Print a list of what needs to happen in the next few days to make arrangements for your loved one

Advice on when to remove and distribute

The days ahead will become lonely once the service is over and all the family members have gone home

Loss Of A Friend

Saying “so long” to a friend can be just as sad as doing the same with a family member. Some friends are closer than family, especially the older we get. The challenge becomes figuring out how much we can get involved in the planning and burial process after the loss of a friend. Your friend’s immediate family is in shock and grieving their loss and you won’t want to be intrusive. You may not even know their family very well, which can create even more awkwardness. Yet you want to be there for your friend and honor them in some way.

If you are a very close friend, and their immediate family lives nearby, please go to them as soon as you can after the loss of your friend. Don’t call and ask if there is anything you can do. They will tell you they don’t need anything because that’s what we do when we are being polite. Just showing up and bringing a casserole, some muffins or some bottled waters, even, will show them how much you, too, cared for their loved one. And then just hug them and listen to what they have to say. You don’t have to have the right words because frankly, there aren’t any beyond “I’m so sorry.”

Tell them how much you adored their family member and ask if you can be part of the funeral in some small way— if that’s something you feel up to after the loss of your friend. You’re grieving as well, so don’t push yourself to take on too much.

Here are some ideas on how you can help:

    • Speak at the funeral. Read a few verses or share insights about your friend.
    • Greet people at the door when they are paying their respects.
    • Organize refreshments at the site for the visitation.
    • Organize food to be delivered to their home for several weeks.
    • Assist with the written program for the service.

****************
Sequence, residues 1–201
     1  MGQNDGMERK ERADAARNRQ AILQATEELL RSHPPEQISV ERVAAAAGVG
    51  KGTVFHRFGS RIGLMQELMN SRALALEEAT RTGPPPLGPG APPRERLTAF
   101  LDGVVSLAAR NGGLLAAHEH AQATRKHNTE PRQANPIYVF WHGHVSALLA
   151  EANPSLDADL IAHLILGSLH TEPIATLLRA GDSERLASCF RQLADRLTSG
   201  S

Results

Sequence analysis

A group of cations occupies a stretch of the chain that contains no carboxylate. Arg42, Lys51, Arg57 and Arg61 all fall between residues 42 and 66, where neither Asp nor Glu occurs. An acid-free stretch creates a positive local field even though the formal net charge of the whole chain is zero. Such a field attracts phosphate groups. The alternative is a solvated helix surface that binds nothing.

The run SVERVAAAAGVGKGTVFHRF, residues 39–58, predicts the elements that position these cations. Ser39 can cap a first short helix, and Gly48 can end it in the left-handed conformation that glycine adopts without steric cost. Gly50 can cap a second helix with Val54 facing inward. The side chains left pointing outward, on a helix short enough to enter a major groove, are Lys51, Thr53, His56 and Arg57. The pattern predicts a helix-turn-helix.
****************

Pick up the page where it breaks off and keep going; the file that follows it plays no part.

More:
• Find someone to sit at the home while the family is at the visitation and funeral.
    • Make sure the family members are staying hydrated and taking breaks during the visitation.
    • Have their house cleaned.
    • Get their mail, check on bills that need to be paid and cancelling appointments.
    • Sit with them or stay through the night if they need someone near in the home.
    • Offer (weeks later) to hold a fundraiser “Walk” or activity in memory of your friend.

If you live out of town and are unable to attend the services, there are many ways you can support the family:

    • Send flowers to the place where they will hold the services.
    • Donate to the designated charity.
    • Send a personal handwritten letter a few weeks later sharing your memories and condolences.
    • Send them a journal with a note tucked inside suggesting they journal their thoughts.
    • Offer to have the family visit you to help them “get away” from their surroundings for awhile.
    • Send an uplifting book with a note sharing a special story or memory of your friend.
    •  Plan to visit the family at a later date when the shock has worn off a bit.
    •  Participate in a fundraiser “Walk” or activity in memory of your friend.
    •  Knit a prayer shawl and send it to them with a note of prayer.

Self care is important as you process the experience. We have listed some ideas below that may be helpful to you:

    • Write a letter to your friend and detail how you are feeling about their passing. Thank them for all of the great times you shared and let the sadness spill out onto the pages as a form of therapy for you.
    • If you are not a writer, spend time in quiet meditation reflecting on your relationship and praying for the family.
    • Take a long walk and let your thoughts move through your mind as you move.
    • Begin journalling your own thoughts and feelings because whatever you are feeling is likely to be normal. Don’t be surprised that one moment is filled with anger and another moment is filled with sadness.

Grief is unpredictable and the depth of it depends on the relationship you had with the person that passed. 

If you were very close with your friend and their family, this is a place where you may be able to lend a hand. We recommend that people don’t do anything about personal belongings until they feel like it after the loss of your friend and that can be up to a year or two later. If a young adult passed that was still living at home, the parents will likely leave everything in tact for a period of time until they feel like they can deal with their child’s belongings.